A Short History of the Duffel Bag

Will Taylor

Above Photo: Original BAD BAGS from Will Steger's groundbreaking 1990 human-powered crossing of Antarctica from a display at the Minneapolis College of Art and Design. 

Merriam-Webster defines a duffel bag as, “A soft, oblong bag for personal belongings.” Pretty broad, but fitting, considering duffels are some of the most popular travel bags on the planet. And for good reason: they’re versatile, tough, reliable and, easy to use.

It all started in a Belgian town named Duffel in the province of Antwerp. According to the Online Etymology Dictionary, the town is where this type of “coarse woolen cloth … was originally sold.” The early bags of the 17th century were cylindrical, with a drawstring at one end, which was also how one carried the bag (not very comfortable, or practical).

During World War II, the bag style was borrowed by military forces and converted to a slightly more user-friendly organization and carrying design for soldiers, featuring straps and pockets but with the same basic shape, single strap and closure feature.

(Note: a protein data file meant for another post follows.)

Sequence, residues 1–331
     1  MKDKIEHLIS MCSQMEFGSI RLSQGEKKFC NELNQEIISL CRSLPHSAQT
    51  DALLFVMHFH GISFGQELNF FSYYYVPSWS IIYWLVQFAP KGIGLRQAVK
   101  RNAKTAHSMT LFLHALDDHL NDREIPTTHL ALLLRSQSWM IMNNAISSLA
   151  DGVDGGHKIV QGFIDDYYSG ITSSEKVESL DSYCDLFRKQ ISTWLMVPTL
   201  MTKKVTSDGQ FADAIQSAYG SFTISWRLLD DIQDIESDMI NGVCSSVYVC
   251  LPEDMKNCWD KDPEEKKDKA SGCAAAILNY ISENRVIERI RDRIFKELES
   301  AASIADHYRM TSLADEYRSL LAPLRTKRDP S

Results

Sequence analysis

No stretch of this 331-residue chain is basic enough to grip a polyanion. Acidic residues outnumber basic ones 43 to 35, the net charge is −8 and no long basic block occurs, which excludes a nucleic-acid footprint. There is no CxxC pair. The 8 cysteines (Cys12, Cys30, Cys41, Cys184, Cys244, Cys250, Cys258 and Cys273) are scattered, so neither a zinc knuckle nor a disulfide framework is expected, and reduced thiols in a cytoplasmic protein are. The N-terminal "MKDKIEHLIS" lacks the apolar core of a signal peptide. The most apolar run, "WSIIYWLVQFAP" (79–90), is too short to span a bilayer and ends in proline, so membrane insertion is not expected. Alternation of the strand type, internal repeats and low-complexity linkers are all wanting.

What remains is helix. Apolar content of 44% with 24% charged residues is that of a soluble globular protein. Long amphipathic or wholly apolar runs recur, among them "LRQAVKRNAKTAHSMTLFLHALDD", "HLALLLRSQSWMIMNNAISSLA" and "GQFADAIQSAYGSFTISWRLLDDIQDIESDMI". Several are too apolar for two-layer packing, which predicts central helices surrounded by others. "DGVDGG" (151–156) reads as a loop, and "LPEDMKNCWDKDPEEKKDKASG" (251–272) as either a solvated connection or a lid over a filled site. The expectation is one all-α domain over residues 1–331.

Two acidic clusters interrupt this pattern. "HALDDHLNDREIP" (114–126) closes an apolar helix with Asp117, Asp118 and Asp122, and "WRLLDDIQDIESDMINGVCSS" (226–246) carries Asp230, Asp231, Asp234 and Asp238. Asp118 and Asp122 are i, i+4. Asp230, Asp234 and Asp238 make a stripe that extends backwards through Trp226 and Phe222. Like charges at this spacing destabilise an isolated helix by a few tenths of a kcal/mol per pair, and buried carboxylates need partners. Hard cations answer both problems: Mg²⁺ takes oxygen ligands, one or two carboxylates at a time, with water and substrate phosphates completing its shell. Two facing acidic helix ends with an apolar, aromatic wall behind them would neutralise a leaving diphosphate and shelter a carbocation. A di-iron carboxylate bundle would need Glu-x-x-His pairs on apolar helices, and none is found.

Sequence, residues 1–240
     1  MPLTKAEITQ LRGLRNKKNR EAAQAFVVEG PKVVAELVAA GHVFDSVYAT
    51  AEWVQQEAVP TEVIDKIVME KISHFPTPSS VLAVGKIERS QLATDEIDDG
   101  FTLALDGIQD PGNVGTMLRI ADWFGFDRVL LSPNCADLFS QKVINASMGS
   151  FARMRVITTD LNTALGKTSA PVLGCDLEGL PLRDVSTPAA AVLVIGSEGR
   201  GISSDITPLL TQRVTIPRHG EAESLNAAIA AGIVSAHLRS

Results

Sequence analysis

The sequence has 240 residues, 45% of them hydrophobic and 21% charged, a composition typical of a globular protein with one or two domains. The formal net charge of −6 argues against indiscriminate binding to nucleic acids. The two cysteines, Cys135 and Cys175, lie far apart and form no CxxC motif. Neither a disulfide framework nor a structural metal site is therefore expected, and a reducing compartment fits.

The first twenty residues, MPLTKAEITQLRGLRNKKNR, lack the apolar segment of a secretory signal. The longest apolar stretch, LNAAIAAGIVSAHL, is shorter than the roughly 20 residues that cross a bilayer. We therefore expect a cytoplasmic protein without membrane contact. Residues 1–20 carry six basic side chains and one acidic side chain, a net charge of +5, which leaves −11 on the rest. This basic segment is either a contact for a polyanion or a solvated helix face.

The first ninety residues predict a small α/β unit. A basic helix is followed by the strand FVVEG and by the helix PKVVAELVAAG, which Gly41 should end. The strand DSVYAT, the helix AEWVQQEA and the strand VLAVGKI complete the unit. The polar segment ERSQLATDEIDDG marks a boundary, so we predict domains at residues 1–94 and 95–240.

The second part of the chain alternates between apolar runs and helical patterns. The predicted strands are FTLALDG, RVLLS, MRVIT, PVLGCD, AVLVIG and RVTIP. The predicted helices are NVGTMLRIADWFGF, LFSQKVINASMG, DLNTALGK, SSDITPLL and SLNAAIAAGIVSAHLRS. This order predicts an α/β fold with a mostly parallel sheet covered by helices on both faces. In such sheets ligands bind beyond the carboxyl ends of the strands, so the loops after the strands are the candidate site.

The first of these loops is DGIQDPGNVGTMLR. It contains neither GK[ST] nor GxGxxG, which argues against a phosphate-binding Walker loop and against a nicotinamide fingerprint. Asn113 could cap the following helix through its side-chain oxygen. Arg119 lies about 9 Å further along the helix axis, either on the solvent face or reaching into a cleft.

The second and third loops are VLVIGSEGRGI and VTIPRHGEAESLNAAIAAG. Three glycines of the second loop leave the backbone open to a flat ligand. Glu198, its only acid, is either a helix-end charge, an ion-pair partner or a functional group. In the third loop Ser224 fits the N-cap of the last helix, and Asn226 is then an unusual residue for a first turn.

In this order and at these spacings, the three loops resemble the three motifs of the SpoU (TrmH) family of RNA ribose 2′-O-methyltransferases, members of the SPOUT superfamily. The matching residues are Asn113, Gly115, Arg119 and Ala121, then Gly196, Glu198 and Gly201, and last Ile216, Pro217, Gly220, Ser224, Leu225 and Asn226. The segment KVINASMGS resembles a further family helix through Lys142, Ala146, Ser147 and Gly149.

American troops returning from Europe by the thousands introduced these bags to the East Coast of America and from there they spread like a virus. Why? Simplicity and functionality.

From there, the history gets a little hazy. Duffel bags, now spread around the world after the war, would inevitably be improved on. The straight-zippered tube duffel is a classic for minimalist versatility that is still extremely popular. Bowling bags, originally made from leather with stout handles to handle the weight of bowling balls, are another close relative of the duffel that have made their way into common usage. And the ubiquitous gym bag, with its gear-swallowing capabilities, shares many traits with the duffel.

Almost 30 years ago, Malcolm Vetterlein, co-founder of BAD BAGS, met Arctic explorer Will Steger, who was eagerly planning the first non-motorized crossing of Antarctica. He was searching for bags that could hold up to the extremes of the trip. Vetterlein, a veteran of the outdoor industry, jumped at the chance.

“We took an age-old design and refined it to be more useful but still simple to use,” Vetterlein says. “Simple, but better.”

They started with 1,000-denier Cordura for its light weight and extreme durability; added a clam shell zipper for easy access and packing; used extra strong seatbelt webbing for straps and handles; attached nickel-plated metal hardware for attachment points; and made the duffels in America to maintain the quality of craftsmanship. The end product maintained the basic design of a duffel yet improved on it in every way.

Steger outfitted his entire team with BAD BAGS on his successful and trying journey across Antarctica and is still using some of them today, 30 years later. That’s one reason that the classic BAD BAG has hardly changed in three decades: simplicity just works—especially when it's done right.